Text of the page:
US 5407521 A
The device comprises a ply turn-up bladder 1 capable of moving axially tods the center of the drum 3 in the manner of a caterpillar. It's movement is controlled by the inflation of a thrust bladder 2.
1. A ply turn-up device for a tire building drum having an axis of rotation, said device comprising an annular turn-up bladder carried by the drum, said turn-up bladder having a wall with upper and lower cylindrical portions and a leading edge which is accommodated on the drum beneath the end of a length of carcass ply to be turned up, annular reinforcement cords in the wall of the turn-up bladder arranged at an angle of 0° with respect to a plane perpendicular to the axis of the drum for limiting radial expansion during the inflation of the turn-up bladder when a maximum expansion has been reached and irrespective of further increase in the inflation pressure, the reinforcing cords being arranged in both the upper and lower cylindrical portions, means on the drum beneath the turn-up bladder for exerting a radial outward thrust on the turn-up bladder, said thrust exerting means extending transversely from a position set back with respect to the leading edge of the turn-up bladder to the end of the bladder opposite the leading edge, the thrust being exerted by said thrust exerting means radially from the bottom towards the top in order, when the turn-up bladder has been inflated, to cause the advance of the leading edge toward the center of the drum to turn up the ply and to cause the displacement of the reinforcement cords in the upper wall portion in the direction of the center of the drum while maintaining the upper wall portion cylindrical during the turn up of the ply.
2. A device according to claim 1, characterized by the fact that the reinforcement cords are selected from the group consisting of undulated cords, brittle-core cords or hybrid cords.
3. A device according to claim 1, characterized by the fact that the said thrust exerting means are formed of a second inflatable bladder.
4. A device according to claim 3, characterized by the fact that the second bladder is reinforced by cords of 0° which oppose any additional elongation when a selected maximum development has been reached, they being arranged in the radially outer wall of the second bladder.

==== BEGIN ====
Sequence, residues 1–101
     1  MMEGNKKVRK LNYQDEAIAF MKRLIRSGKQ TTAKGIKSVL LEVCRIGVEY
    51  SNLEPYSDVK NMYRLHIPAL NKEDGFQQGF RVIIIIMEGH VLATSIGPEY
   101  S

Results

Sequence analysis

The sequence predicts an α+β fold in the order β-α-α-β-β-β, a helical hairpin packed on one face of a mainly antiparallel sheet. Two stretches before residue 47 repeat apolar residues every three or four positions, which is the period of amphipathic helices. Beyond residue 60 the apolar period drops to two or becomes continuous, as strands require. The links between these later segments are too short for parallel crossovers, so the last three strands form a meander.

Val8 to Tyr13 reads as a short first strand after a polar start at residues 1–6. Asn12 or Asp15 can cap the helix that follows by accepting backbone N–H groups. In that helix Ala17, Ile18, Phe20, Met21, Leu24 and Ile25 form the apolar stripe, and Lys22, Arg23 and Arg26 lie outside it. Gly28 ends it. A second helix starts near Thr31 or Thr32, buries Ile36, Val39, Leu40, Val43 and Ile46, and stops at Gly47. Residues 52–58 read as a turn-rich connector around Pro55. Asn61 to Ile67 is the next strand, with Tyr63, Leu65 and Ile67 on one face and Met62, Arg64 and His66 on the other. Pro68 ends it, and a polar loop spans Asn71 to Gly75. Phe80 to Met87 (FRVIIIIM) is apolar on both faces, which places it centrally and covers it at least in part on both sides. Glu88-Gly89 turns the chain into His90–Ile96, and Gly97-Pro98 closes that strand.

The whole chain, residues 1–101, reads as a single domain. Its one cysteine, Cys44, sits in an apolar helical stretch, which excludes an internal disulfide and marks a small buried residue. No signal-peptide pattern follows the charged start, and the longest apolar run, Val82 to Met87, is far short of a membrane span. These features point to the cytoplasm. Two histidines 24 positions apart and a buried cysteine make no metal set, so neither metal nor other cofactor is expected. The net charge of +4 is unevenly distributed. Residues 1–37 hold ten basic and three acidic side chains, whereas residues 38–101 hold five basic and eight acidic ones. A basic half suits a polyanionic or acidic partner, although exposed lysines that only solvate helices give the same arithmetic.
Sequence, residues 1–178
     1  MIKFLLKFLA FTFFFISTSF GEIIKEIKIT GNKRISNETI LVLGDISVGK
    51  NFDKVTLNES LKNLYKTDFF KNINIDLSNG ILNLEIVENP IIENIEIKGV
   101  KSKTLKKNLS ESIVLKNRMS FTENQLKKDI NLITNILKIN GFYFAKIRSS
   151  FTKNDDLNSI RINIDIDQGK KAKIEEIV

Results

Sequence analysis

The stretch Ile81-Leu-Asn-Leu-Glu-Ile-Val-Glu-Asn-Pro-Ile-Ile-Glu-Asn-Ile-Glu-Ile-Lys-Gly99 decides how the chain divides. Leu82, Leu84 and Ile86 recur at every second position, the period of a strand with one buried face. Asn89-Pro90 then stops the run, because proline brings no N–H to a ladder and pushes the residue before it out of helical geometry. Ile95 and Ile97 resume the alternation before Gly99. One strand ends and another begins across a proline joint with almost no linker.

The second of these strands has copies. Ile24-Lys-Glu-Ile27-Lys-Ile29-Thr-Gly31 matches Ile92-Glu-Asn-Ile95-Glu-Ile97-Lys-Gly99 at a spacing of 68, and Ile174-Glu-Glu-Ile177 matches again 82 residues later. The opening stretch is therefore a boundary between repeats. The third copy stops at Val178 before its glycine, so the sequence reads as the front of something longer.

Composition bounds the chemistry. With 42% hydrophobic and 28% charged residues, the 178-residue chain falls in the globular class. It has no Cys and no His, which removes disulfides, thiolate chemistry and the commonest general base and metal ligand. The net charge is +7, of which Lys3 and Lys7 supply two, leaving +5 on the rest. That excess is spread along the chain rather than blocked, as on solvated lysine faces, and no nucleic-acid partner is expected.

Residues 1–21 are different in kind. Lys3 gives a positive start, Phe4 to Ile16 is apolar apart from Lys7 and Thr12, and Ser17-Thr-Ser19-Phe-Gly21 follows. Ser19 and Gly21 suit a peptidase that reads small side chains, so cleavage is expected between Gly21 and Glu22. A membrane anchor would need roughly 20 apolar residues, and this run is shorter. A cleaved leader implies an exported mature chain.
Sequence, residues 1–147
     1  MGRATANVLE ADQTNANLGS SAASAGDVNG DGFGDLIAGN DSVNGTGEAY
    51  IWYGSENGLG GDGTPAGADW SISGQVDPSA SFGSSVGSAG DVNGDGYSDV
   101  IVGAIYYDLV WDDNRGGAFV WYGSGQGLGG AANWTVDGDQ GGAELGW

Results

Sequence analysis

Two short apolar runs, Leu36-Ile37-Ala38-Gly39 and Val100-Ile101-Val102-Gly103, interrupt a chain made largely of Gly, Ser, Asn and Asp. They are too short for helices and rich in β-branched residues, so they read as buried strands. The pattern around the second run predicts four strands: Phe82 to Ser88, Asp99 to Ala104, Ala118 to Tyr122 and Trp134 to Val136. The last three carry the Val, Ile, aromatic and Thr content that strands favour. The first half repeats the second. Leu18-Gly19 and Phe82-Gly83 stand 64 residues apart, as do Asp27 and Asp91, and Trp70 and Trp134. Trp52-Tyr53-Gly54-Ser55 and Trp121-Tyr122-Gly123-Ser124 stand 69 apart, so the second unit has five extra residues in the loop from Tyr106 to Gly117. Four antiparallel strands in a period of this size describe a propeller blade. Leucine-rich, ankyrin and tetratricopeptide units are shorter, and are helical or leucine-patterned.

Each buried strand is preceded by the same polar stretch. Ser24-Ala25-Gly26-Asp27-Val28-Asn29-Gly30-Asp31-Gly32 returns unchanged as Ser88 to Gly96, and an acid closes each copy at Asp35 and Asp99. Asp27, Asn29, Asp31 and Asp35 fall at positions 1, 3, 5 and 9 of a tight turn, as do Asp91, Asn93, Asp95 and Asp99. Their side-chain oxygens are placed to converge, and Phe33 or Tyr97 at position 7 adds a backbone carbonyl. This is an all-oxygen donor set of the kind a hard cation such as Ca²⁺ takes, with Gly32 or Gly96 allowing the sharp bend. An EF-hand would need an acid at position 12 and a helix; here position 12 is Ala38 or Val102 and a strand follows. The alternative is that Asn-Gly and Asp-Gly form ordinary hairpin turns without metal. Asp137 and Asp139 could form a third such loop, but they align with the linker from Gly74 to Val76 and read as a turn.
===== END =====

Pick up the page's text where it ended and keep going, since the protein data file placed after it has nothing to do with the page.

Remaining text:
5. A device according to claim 4, characterized by the fact that the reinforcement cords are selected from the group consisting of undulated cords, brittle-core cords or hybrid cords.
The present invention relates to tire building drums, and more particularly to a ply turn-up device for turning carcass plies around the bead wire.
In one well-known type of these devices, an inflatable bladder having the general shape of a torus is used. In order to assure the transverse displacement of these bladders, which displacement is necessary in order to effect the turning up, it is necessary to have recourse to an auxiliary element which effects a transverse push on the ply turn-up bladder. This auxiliary element is either a second inflatable bladder or else a metal ring which comes into contact with the turn-up bladder. One example of such a device is given in U.S. Pat. No. 3,698,987.
A ply turn-up bladder which by itself, solely under the effect of the increase in the inflation pressure, develops the rolling movement in the transverse direction which is necessary in order to effect the turning up of the carcass ply is also known. This ply turn-up bladder is described in U.S. Pat. No. 4,087,306.
The drawback of all of these known devices results from the size of their diameter, which is generally very great, to the extent of coming into collision with the passages for the placing of the carcass plies and other products brought onto the drum of the tire. This large diameter is particularly disturbing when the drum is moved from station to station in a tire manufacturing line.